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Takom 1/35 scale Mark IV "Male" heavy battle tank

Kit:2008 // Scale:1/35 // Price:$57.95
Well-detailed track links; good use of photoetched metal; turned-metal gun barrels; easy assembly
Track links are a tedious build; kit-supplied chain is heavy and chrome-plated; loose mounts means gluing the Lewis guns in place
Injection-molded, 1,432 parts (2 cast-metal, 2 vinyl, 22 photoetched metal)
With the 100th anniversary of the start of World War I in 2014, model companies have produced several early tank models. But none has been as eagerly awaited as a new British Mark IV tank.

Takom has now released its Mark IV in both “female” and “male” versions. The kit features excellent detail — as you would expect with a staggering parts count of more 1,400! Most of the pieces (1,200) are used in the tracks and running gear — five to each track link, almost 200 links, and 54 pairs of road wheels.

Included in the kit are two turned-metal barrels for the 6-pounder cannons as well as a bit of chain and a small fret of photoetched metal. Decals cover two vehicles: the British Lodestar III and a captured vehicle in German camouflage and markings. The large instruction booklet features clear assembly diagrams. An errata sheet is included, too.

I knew the tracks would take time, so I started with them. I cleaned up the parts from one track sprue and assembled them before tackling another sprue. First, I added all of the B5 brackets; by the time I had all 40 done, they were dry enough to add the next. This way, it took me about 2 hours to do a whole sprue.

The links clicked together nicely, with only a few being stubborn. If you’d rather not go to this trouble, Takom suggests simply gluing the pads to the side hulls. But then there is no gap between the hull side and track links. You could just glue the outside brackets (parts B5 and B2) to the pads; they don’t hold together as well as the full assembly, but they are still easy to install. I did this on one side, and I can’t tell the difference.

Next, the main hull: The ball mount for the Lewis gun in the front plate was very loose; I had to glue the gun in place. Once I assembled the hull, I clamped it between the inside panels of the outside hulls with a couple of rubber bands. After the glue dried, I added details to the hull.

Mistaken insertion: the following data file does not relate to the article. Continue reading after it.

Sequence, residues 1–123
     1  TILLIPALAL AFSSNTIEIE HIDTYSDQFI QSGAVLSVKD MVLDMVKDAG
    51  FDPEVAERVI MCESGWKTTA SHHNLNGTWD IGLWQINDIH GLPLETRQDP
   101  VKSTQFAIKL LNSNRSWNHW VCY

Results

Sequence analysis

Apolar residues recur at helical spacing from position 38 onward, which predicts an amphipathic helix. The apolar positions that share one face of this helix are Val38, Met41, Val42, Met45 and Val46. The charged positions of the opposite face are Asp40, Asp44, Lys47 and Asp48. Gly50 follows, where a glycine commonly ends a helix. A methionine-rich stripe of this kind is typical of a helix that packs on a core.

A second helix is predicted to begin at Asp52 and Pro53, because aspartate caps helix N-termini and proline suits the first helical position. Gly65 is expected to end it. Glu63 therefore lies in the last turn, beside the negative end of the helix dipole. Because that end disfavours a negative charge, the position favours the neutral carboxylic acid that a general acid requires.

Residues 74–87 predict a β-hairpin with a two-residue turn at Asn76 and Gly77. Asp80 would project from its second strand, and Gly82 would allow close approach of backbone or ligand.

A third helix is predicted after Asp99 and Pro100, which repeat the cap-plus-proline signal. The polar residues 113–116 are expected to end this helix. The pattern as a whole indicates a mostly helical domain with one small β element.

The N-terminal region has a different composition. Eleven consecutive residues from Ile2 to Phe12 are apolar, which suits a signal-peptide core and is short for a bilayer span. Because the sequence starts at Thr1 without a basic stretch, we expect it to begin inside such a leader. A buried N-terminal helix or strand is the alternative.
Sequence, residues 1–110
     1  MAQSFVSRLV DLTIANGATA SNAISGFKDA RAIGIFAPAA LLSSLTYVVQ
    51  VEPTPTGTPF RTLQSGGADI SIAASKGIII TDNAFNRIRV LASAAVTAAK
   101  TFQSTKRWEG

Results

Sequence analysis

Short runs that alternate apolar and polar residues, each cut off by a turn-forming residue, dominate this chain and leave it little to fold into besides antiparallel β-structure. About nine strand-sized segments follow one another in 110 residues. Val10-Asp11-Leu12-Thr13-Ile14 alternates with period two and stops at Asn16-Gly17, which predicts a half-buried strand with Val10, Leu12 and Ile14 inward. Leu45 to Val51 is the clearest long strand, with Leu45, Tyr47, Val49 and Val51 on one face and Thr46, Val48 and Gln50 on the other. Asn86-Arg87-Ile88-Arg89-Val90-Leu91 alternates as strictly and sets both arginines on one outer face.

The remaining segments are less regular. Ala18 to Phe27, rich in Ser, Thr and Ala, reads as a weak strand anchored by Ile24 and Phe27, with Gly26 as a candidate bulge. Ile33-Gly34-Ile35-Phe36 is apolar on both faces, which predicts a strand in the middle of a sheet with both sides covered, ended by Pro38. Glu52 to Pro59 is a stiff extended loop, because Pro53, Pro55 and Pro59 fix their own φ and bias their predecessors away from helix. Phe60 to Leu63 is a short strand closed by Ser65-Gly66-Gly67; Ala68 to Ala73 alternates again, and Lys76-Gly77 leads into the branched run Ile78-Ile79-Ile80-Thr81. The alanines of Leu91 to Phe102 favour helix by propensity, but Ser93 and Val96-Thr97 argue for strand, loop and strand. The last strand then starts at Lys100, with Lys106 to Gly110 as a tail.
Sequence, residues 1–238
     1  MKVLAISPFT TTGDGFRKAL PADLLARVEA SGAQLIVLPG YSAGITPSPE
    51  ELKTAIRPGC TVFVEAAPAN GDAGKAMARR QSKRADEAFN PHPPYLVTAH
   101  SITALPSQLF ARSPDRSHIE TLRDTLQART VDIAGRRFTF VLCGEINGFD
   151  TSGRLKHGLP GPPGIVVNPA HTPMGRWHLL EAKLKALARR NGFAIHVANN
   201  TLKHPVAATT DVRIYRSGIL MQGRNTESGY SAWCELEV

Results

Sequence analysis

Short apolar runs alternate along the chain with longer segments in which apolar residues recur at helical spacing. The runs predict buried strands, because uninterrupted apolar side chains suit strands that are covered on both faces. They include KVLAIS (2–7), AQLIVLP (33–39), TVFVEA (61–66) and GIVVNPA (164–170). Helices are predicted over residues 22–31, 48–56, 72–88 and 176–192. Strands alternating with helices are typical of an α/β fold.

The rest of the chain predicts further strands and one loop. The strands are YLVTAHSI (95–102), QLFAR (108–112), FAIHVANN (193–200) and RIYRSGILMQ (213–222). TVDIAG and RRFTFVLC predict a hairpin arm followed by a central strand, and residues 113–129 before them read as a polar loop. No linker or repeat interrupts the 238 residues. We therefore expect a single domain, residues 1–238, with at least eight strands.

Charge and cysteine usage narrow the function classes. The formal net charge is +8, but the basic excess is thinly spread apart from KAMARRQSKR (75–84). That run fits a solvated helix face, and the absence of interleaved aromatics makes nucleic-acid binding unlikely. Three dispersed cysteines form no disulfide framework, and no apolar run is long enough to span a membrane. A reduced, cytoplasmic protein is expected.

Careful with the hull sides: The instructions sometimes turn the assembly upside down, and they switch from inside to outside without warning. Gluing the drive-sprocket halves together, make sure the teeth are aligned. The locating pin is imprecise, and that can cause problems for the tracks. The road-wheel axles pop securely into the side panel with a little push. The single upper road wheel (return roller?) should be flanged, but you won’t see it unless you build yours with a thrown track.

While the drive-sprocket location is fixed, the idler wheel can be placed in several locations to set track tension. However, you can’t install the tracks until the hull sides are assembled, and you have to position the idler wheel during assembly. I set mine so the idler was flush with the hull sides, and my tracks fit fine.

The 6-pounder guns have excellent detail. Unfortunately, you won’t see any of it unless you leave a door open — but the interior is otherwise empty. Since the 6-pounder loader is always on the same side of the gun, the left sponson is larger than the right to make room for the loader. I filled seams in the three-piece gun shields with a little Mr. Surfacer 500. Once again, the Lewis guns had to be glued down to loose mounts.

When assembling the sponsons, you’ll notice a small seam when the panels are positioned correctly. This is accurate, as the sponson panels were riveted to angle iron with small gaps at the joints.

After adding the sponsons, I was ready to paint. References say the Mark IV tanks were brown. But this probably varied. Takom suggests Tamiya khaki (XF-49). So, after painting red and white recognition panels, I airbrushed with khaki. Then I added Tamiya flat earth (XF-52) or deck tan (XF-55) to the khaki to vary the solid color, trying for the streaky weathering seen in many photos. After a coat of Vallejo clear gloss came the decals, which I covered with clear flat after they were dry.

I had some problems adding the ditching beam. The chain is difficult to work with, and its chrome plating resisted my blackening liquid. So, I had to paint it. I decided not to add the grousers, but I painted some and threw them in the storage bin.

I spent about 30 hours building my Mark IV, about half on the tracks. Takom has released a set of one-piece clickable tracks, and I believe they’ll be included in future releases.

The finished model matches perfectly the dimensions in Great War Tank: Mark IV; Owners’ Workshop Manual, by David Fletcher (Haynes, ISBN 978-0-85733-242-4).

It’s great to finally have a state-of-the-art Mark IV kit, and I’m looking forward to more from Takom. Aside from the complicated tracks, any modeler with some building experience should be able to add this kit to their collection.

Note:  A version of this review appeared in the February 2015 FineScale Modeler.
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